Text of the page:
Coordination for mental health – will it work?

A coordinated announcement is expected today that brings together the Departments of Health, Work and Pensions, Justice, Home and Local Government on the subject of tackling mental health. As I write the details aren’t yet clear but the emphasis will be on offering ‘cognitive behaviour therapy’ (CBT) to help try and treat and prevent mental illness, for those in school to those out of work. Our understanding is that there will be no new money, but funding will be diverted from Departments which expect to see savings as a result of upstream investment in treatment.

The impact will be in the detail. As 2020health are currently running a project on ‘work as a health outcome’ we are particularly interested in this announcement. What we want to see is a much greater awareness of how important work is for health, as well as health for work. Enabling people to have control over their ‘working lives’ through rapid support given to them in times of ill health is a worthy investment for the economy, quite apart from being the right thing to do. So far reports of CBT support for the ‘medium term’ unemployed don’t sound promising – it needs to be offered as soon as someone becomes unfit for work.

But in principle this strategy is to be welcomed. In March 2009, Theresa May made a speech along similar lines, describing the DEL (departmental expenditure limits) – AME (annually managed expenditure) ‘switch’ whereby the resources to get people back to work can be found from savings in the welfare budget. Where health professionals fit in to the plans to be launched today, but the currently the challenge remains: how to reconnect the outcome of being able to work with healthcare practice.


About Julia Manning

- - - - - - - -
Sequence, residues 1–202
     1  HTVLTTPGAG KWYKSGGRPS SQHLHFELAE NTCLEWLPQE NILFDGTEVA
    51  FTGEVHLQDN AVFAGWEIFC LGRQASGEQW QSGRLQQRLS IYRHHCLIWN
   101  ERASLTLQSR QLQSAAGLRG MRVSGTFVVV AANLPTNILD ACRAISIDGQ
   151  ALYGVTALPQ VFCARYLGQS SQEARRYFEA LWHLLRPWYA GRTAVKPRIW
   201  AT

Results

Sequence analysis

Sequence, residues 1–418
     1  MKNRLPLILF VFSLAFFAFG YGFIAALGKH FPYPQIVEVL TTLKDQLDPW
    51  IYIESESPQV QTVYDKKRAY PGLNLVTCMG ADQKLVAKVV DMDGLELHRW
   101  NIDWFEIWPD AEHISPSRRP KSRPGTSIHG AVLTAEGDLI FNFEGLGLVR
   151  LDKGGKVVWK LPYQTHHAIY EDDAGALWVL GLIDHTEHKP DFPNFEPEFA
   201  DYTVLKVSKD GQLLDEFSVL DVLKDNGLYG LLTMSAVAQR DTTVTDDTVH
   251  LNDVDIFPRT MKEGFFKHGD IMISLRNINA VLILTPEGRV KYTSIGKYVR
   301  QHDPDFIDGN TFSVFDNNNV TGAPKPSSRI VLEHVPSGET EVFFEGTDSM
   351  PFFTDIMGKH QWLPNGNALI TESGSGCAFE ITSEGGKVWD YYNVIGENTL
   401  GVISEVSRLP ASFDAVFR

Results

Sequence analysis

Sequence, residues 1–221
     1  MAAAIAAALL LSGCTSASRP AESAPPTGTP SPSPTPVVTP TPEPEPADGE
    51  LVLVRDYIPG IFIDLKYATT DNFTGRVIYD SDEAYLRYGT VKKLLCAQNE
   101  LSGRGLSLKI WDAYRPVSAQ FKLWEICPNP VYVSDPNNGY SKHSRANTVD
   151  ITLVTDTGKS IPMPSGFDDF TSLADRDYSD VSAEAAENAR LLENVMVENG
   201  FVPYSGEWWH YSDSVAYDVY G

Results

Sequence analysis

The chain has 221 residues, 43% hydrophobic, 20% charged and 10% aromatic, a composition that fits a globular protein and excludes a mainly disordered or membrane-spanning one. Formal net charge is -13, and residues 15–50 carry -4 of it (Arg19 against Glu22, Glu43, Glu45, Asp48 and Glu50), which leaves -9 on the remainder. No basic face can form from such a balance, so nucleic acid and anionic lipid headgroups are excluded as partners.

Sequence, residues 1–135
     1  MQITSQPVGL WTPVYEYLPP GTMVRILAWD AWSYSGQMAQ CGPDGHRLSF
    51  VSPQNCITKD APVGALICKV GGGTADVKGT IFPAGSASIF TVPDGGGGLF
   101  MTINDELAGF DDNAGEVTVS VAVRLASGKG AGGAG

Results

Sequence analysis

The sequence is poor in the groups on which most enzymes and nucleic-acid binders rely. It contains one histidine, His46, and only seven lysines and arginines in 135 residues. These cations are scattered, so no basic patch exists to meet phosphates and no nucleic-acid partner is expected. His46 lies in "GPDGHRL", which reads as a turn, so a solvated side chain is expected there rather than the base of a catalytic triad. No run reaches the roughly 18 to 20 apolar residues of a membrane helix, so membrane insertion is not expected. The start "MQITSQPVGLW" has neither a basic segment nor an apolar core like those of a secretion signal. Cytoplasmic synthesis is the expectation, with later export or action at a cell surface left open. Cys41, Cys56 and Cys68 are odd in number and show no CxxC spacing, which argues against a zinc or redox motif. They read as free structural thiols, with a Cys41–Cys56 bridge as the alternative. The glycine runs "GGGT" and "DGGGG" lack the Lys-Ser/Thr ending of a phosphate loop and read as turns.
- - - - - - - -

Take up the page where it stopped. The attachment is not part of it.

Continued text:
Julia Manning is a social pioneer, writer, campaigner and commentator. Formerly a clinical optometrist specialising in diabetes and visual impairment, she is the founder and Director of 2020health, an independent, social enterprise Think Tank whose aim is to Make Health Personal and Social. 2020health has through research, events and campaigning influenced opinion and action in fields as diverse as bioethics, alcohol, emerging technologies, fraud, education, consumer technology and vaccination. In 2014, 2020health were founding partners of the Health Tech and You Awards with Axa PPP and the Design Museum. Since 2016, 2020health has increasingly focused on digital health and public health in the community. Julia is a Fellow of the RSA and now also a part-time PhD student at the UCL Interaction Centre, studying the use of digital technology for stress management in the workplace. Julia has shared 2020health's research widely in the media (BBC News, ITV, Channel 5 News, BBC 1′s The Big Questions & Victoria Derbyshire, BBC Radio 4 Today, PM and Woman's Hour, LBC) and has taken part in debates and contributed to BBC’s Newsnight, Panorama, You and Yours and ITV’s The Week.
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